Unite for free, fair and peaceful elections - President Ramaphosa

Monday, May 27, 2024

President Cyril Ramaphosa has, in his weekly newsletter, called on South Africans to unite for free, fair and peaceful elections.

The National and Provincial Elections are expected to be held on Wednesday with voting stations opening at 7am and closing at 9pm.

Some 27 million eligible South Africans have been registered to vote in this year’s elections.

“Holding free, fair and peaceful elections is a barometer of the good health of our democracy. As we cast our votes on Wednesday, let us, in the words of our Constitution, 'honour those who suffered for justice and freedom in our land, respect those who have worked to build and develop our country, and believe that South Africa belongs to all who live in it, united in our diversity'.”

“Let us hold another election that is peaceful, that is free, that is fair and that is a credit to all the elections we have held since 1994. Let it be that the ultimate winner of this election is South Africa, our democracy, and you, the South African people,” President Ramaphosa said.

The President highlighted that since the dawn of democracy, elections have been held “without major incident” and expressed confidence that this year’s elections will also take place in the same vein.

“Once again, we have every confidence that this election will take place under conditions of peace, safety and tolerance, and that it will be free and fair.

“The integrity of our elections is testament to the high regard in which South Africans hold their hard-won right to vote. It is an affirmation that no matter what our political differences are, when it comes to safeguarding our democracy, we are prepared to put these differences aside for the common good,” President Ramaphosa said.

A look back

President Ramaphosa recalled how South Africa “was on the brink” on the eve of the first democratic elections in 1994 with “state-sponsored violence and the threat of a right-wing insurrection” contributing to a “sense of fear and uncertainty”.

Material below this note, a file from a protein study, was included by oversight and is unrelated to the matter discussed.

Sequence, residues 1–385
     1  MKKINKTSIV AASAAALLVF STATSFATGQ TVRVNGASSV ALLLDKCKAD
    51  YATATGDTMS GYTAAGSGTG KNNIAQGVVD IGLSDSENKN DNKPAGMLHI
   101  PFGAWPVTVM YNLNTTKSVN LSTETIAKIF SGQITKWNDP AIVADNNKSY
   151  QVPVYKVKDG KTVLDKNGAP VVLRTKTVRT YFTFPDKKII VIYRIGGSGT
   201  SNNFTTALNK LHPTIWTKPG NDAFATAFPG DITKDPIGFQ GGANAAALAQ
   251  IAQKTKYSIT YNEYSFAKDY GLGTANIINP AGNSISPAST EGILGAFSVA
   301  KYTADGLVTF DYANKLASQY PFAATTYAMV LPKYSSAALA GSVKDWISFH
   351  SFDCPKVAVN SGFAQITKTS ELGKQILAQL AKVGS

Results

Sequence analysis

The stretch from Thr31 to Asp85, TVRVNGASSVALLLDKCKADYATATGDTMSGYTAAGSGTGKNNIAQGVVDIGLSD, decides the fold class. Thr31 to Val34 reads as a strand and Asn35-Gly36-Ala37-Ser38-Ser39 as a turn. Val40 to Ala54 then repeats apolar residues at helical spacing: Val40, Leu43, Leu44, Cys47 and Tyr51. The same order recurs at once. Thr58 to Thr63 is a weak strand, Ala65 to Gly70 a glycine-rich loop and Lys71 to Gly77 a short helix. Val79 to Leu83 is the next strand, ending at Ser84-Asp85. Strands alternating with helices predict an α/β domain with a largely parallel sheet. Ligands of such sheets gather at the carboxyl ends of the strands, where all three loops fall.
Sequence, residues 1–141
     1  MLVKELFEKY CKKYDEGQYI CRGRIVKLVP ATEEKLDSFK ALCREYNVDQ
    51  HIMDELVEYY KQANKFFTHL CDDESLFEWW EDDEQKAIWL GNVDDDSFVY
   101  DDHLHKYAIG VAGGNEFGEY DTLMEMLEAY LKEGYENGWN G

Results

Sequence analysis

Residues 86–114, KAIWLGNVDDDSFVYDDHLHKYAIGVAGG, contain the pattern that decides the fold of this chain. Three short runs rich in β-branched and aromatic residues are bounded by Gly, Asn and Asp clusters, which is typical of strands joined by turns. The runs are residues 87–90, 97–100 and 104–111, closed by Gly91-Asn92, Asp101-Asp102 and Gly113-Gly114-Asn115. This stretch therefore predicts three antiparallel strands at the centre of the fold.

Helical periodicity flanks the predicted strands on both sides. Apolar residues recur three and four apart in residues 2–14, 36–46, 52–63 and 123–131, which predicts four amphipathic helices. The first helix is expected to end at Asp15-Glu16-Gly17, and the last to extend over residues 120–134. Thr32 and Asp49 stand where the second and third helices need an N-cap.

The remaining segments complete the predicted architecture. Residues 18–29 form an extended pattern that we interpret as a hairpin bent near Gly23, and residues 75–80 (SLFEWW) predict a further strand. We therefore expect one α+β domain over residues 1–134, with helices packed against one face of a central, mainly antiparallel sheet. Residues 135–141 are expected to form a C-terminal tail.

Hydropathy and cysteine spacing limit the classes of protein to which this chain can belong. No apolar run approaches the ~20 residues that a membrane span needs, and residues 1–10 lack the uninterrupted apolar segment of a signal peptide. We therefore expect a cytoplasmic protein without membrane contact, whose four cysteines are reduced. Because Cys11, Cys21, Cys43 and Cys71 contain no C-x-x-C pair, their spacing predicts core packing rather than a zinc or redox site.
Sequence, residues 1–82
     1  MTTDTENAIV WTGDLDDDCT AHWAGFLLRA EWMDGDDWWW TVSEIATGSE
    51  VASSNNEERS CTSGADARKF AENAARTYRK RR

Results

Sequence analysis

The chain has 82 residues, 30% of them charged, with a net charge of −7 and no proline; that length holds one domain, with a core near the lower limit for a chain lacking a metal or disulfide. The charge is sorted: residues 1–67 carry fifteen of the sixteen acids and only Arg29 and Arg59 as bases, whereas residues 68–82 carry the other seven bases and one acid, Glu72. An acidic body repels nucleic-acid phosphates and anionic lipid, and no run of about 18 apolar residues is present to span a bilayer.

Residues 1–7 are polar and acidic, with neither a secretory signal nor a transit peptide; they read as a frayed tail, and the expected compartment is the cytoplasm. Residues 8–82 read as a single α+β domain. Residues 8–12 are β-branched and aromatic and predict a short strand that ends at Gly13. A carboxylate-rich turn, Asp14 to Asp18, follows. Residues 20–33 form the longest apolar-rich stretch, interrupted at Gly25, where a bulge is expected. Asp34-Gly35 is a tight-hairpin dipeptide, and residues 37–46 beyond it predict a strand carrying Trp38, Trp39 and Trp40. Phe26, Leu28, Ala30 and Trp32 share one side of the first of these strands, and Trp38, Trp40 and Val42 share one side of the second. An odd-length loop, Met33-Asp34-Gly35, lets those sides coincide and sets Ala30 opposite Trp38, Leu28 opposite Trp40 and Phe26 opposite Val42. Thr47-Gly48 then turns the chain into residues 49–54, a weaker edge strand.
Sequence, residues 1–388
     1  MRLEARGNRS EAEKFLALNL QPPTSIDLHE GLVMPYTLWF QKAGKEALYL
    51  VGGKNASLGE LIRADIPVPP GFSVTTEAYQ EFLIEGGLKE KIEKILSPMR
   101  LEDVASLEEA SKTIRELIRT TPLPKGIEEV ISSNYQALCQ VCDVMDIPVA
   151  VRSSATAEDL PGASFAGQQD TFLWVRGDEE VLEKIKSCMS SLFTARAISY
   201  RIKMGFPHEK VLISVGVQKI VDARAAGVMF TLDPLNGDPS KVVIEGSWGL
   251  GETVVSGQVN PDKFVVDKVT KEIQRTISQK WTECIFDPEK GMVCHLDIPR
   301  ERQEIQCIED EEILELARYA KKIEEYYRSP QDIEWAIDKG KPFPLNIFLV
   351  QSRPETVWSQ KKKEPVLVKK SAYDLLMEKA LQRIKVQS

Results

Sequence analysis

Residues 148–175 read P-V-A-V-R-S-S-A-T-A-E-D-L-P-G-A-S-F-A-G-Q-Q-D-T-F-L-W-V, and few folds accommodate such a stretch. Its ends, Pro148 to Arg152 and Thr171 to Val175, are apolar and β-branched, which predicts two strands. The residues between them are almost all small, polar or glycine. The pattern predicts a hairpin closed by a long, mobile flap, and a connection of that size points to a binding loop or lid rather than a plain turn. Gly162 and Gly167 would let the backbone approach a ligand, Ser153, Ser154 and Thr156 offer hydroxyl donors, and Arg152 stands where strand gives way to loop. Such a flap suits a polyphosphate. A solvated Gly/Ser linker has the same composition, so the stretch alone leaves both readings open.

“One newspaper carried a story at the time titled “South Africa hoarding as fear rises”. It described long supermarket queues of people stocking up on tinned foods, a rush to attend emigration seminars, panicked currency exchanges, and fearful callers to radio stations about sabotage of power plants and water supplies.

“We recall the courage of the political leadership at the time and their efforts to quell tensions. We recall the role of the leadership of the Inkatha Freedom Party, the African National Congress and the National Party in signing a memorandum of agreement for reconciliation and peace just three days before the election.

“We recall these events to remind ourselves of what is required of us all as we head to the polls on Wednesday. We are required to continue to honour the sacrifices of our forebears by exercising their right to vote and to do so peacefully. We are required to respect the rights of others regardless of who they are voting for, and regardless of whether they are voting or not,” he said.

Despite all the doomsday fears at that time, the President said, “none of these fears materialised”.

“As South Africans we have rejected the politics of fear time and again, and we will continue to do so.

“For the past thirty years we have chosen the path of peace over violence, of reconciliation over hate, and of unity over divisions of race, ethnicity or tribe. The stability and integrity of our electoral system bears witness to this,” President Ramaphosa said. – SAnews.gov.za